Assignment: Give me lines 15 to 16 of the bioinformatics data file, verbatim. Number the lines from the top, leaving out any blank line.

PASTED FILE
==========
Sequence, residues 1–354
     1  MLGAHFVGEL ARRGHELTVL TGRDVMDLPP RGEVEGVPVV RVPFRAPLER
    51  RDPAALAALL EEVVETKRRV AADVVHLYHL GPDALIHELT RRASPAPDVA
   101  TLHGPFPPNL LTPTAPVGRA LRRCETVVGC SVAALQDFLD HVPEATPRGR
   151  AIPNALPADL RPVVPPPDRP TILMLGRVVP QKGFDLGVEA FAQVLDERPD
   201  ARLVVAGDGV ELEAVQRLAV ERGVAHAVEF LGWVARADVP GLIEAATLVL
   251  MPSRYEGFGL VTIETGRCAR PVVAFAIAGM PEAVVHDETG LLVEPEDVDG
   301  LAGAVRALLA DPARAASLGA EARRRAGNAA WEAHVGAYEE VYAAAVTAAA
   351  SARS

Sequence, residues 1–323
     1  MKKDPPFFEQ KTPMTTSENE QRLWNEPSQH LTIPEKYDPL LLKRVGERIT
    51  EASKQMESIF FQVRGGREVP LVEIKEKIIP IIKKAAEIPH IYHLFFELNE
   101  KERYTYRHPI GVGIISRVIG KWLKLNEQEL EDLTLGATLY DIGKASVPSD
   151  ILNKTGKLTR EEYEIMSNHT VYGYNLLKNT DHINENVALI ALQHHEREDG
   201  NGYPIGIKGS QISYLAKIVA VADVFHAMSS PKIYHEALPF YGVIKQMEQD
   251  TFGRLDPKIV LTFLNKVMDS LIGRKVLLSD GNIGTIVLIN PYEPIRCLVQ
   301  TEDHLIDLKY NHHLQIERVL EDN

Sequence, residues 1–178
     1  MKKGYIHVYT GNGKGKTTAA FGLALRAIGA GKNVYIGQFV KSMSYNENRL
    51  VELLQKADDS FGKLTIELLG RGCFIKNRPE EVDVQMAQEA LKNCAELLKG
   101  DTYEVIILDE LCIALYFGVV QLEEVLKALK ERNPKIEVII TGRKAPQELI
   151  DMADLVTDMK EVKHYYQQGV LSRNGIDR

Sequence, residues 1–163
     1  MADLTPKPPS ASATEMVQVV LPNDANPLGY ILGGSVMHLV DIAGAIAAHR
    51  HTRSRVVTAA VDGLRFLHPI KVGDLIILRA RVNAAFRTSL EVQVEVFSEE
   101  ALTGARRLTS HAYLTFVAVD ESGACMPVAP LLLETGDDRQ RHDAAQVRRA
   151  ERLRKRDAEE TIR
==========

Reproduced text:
   201  NGYPIGIKGS QISYLAKIVA VADVFHAMSS PKIYHEALPF YGVIKQMEQD
   251  TFGRLDPKIV LTFLNKVMDS LIGRKVLLSD GNIGTIVLIN PYEPIRCLVQ